It’s been a long time since I wrote a book review. The books I have read so far are entertaining but not really worth writing reflections about. However, lately I read Underground by Haruki Murakami, a series of interviews with the eyewitnesses of the 1995 Tokyo subway sarin gas attack and even Aum Shinrikyo members.
Murakami decided to write it after wondering what the people were feeling on the day of the attack. He wanted to ‘give them a face’, so in every interview, the people introduced their professions and some parts of their lives. Almost all of the people interviewed recalled that no one seemed to know what had happened–they did not put much thought on the sarin packets and thought that everyone had been suffering a cold. Train attendants even used newspapers to wipe up the toxic spills, treating it like typical rubbish. More shockingly, a contaminated train had been running for over an hour before it was pulled out of service. They only expressed mild surprise despite seeing many people doubled over, still unable to grasp the intensity of the attack even though a similar one had occurred 2 years ago. Hospitals at that time were severely under-equipped to deal with something of such magnitude– the doctors were lacking in important vaccines and generally were caught out cold.
Interestingly, after the attack that targeted an important form of transportation for the Japanese, a few expressed that they would continue taking the subway since there was no other choice for them. Though the survivors did suffer emotionally, they remained pragmatic due to the need to support themselves. In an essay written by Murakami at the end of the book, he condemns the viciousness of the attack, but feels that the Japanese will need to analyse the underlying reasons behind it rather than consigning it to forgettable history. He laments how the Japanese are also inept in dealing with disasters, as evidenced in the Kobe earthquake a few months ago.
What I felt disturbing was the relative ease the attacks were carried out. The sarin had been made from scratch in an Aum Shinrikyo base, and the perpetrators released the toxin by puncturing the bags with umbrella tips. There have been instances of explosives hidden in drink cans and even pens. It would be disastrous if the inconspicuous terror weapon were released during rush hour on the MRT, or even a packed bus as it happened in the London bombings. Though our police and civil defense units have been well trained in exercises such as Northstar, there will definitely be mass panic when it becomes real, so it remains to be seen how our emergency responses would be. It would be plausible that people will start to put the SG flag on their Facebook profile pictures, as a form of admittedly unhelpful expression of solidarity. Amidst the outpouring of grief and anger, it is worth noting that Singaporeans will certainly react differently from the Japanese– it will be mentioned many times, many years down if an attack really happens.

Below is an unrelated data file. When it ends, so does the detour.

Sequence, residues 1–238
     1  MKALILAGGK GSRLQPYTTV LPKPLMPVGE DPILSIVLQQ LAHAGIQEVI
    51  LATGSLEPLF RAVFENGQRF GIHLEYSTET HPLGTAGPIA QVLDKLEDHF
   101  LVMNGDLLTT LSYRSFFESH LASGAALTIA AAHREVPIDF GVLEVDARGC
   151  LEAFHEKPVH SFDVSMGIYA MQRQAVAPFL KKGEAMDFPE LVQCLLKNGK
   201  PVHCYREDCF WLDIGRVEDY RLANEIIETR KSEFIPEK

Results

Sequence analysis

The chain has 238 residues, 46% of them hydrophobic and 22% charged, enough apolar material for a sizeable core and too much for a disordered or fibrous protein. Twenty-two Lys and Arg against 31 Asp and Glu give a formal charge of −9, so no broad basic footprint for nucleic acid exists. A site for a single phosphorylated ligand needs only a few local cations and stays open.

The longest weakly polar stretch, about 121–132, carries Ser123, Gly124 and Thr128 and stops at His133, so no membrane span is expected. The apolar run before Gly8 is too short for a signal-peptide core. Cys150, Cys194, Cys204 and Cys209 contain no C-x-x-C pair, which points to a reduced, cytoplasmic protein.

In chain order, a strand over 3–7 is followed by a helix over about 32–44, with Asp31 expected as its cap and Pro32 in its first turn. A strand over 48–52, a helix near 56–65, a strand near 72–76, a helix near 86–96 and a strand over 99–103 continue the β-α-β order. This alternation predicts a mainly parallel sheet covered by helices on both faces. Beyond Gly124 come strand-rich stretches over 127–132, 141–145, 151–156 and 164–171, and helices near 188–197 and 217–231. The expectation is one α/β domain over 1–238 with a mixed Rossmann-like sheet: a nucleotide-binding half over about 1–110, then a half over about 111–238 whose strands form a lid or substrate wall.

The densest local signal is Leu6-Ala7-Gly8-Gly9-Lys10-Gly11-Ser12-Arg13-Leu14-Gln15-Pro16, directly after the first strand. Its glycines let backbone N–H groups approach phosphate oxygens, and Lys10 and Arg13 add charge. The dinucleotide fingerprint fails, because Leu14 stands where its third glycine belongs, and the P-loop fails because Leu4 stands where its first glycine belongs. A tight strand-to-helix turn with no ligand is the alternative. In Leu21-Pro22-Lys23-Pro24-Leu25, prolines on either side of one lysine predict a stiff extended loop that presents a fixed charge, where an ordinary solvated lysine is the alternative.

Though the Japanese have been aware of Aum for quite some time, they did not expect them to carry something like this on such a magnitude. With the current threat of ISIS looming around the region, I believe we are more on guard due to the recent attacks on Paris. Yet, what if the aggressors are from people we do not expect [ie non-Muslims] ? How will we, and the international community react? A lone wolf who hates the world or someone with borderline schizophrenia? Will we be reduced to mutual suspicion, since anyone could now be scheming evil thoughts?
I may be digressing, but Murakami’s idea of documenting those caught up in the attack was very informative–it brings a unique identity to each of the victims. Instead of being relegated to a series of numbers, these unfortunate people are like us–with their dreams, joys and resignation.
Underground has helped me to understand how such a terror attack could have happened and how the Japanese were grossly ill-equipped to react to the events that followed. Though Singapore may be able to face against such events, the main source of concern would be how the people will digest such news and the impact it will have in the years to come.